which almost never includes true collaboration.)  maybe i'm
oversensitive, since the very common scheme of listing authors in
alphabetical order almost always puts me last, but attributing a joint
work to its first-listed author is a vulgar error.

it *might* be that the CHOICE reviewer reasoned that since the authors
of this book were listed out of alphabetical order, with feinman before
clapp and mckean, feinman must have been the principal author.  it is
true that authors are sometimes listed in order of descending
contribution -- this is the case for Elizabeth Zwicky, Simon Cooper,
and Brent Chapman, Building Internet Firewalls -- but there are many
other reasons for non-alphabetical orderings (the lab director or
principal investigator on a grant is often listed first, even if this
person contributed little to the project), and even in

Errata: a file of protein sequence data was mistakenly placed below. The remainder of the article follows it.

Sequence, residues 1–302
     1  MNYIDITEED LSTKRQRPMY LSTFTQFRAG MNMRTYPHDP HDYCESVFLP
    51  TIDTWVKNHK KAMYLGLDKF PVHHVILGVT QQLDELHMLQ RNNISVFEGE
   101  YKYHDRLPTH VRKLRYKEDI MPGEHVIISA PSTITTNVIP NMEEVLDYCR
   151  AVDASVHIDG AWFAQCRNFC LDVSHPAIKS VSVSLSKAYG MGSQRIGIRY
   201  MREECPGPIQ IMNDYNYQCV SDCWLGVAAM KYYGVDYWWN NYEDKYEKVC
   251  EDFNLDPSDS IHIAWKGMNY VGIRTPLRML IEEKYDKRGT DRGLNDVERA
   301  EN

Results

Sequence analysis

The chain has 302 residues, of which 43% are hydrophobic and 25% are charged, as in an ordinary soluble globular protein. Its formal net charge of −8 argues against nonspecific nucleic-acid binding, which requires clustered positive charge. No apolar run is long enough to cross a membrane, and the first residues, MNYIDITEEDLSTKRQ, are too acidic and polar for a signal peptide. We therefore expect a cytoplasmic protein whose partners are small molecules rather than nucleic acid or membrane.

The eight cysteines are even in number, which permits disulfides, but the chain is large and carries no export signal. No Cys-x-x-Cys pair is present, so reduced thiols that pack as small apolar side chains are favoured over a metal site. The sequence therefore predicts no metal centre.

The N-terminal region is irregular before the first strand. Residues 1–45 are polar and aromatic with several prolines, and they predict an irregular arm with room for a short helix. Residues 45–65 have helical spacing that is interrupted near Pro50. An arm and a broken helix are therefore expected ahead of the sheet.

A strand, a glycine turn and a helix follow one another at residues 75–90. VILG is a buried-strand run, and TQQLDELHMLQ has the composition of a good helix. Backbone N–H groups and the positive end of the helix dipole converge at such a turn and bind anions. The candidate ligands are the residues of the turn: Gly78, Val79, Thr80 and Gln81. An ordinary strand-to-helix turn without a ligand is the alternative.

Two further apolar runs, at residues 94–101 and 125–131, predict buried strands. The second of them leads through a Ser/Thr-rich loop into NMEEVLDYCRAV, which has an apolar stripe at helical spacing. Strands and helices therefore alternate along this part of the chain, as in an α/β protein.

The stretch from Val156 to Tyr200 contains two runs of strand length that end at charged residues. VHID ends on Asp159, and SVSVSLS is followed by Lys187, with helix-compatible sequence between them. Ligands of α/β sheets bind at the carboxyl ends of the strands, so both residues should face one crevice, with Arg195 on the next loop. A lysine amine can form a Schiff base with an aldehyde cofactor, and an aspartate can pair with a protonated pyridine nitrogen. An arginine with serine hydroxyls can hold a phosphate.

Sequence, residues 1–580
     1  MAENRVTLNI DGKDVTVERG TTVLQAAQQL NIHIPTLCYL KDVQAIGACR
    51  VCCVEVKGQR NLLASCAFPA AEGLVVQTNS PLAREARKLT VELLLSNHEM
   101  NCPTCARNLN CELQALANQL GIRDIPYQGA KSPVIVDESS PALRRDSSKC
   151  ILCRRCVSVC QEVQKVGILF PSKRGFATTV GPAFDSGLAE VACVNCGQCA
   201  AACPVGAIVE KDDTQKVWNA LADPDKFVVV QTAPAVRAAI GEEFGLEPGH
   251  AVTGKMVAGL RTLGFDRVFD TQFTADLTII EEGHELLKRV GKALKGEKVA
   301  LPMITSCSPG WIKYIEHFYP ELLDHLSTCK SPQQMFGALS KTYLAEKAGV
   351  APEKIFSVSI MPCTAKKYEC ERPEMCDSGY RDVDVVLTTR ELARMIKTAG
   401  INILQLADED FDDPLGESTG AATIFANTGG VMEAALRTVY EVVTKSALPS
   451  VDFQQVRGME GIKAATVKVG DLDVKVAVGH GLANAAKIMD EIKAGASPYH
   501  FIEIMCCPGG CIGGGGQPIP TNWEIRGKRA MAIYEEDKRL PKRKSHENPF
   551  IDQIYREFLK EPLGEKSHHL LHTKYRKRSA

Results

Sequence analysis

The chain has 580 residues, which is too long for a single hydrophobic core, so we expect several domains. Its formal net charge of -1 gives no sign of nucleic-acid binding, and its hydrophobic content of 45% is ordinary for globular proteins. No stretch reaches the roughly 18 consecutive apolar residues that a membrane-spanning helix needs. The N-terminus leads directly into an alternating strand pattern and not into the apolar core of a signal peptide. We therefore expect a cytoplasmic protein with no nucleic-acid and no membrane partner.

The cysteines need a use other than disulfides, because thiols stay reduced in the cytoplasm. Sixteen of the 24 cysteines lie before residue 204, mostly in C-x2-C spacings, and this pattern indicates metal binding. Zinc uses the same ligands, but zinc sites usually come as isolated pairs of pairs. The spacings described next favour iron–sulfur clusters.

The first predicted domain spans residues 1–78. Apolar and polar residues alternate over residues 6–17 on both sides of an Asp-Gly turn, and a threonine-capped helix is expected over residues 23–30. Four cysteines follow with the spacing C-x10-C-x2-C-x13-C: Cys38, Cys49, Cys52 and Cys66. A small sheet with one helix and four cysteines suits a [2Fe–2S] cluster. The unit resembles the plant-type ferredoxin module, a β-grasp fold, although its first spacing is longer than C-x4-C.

descending-contribution orderings the difference between the
contributions can be pretty slight.  (i've come to regret the ordering
Zwicky-Pullum that appears on some of our joint works, since it
suggests that my part was *much* more important than geoff's.  if you
stick to alphabetical ordering, no such ranking is implicated.)

surely reviewers for CHOICE should understand that you can't conclude
much from the ordering of names, and even if a reviewer is ignorant,
copy editors should have caught the error and fixed it.

arnold (zwicky at, at the end even in the American
   article by Zwicky & Zwicky -- Ann D. Zwicky & Arnold M. Zwicky >>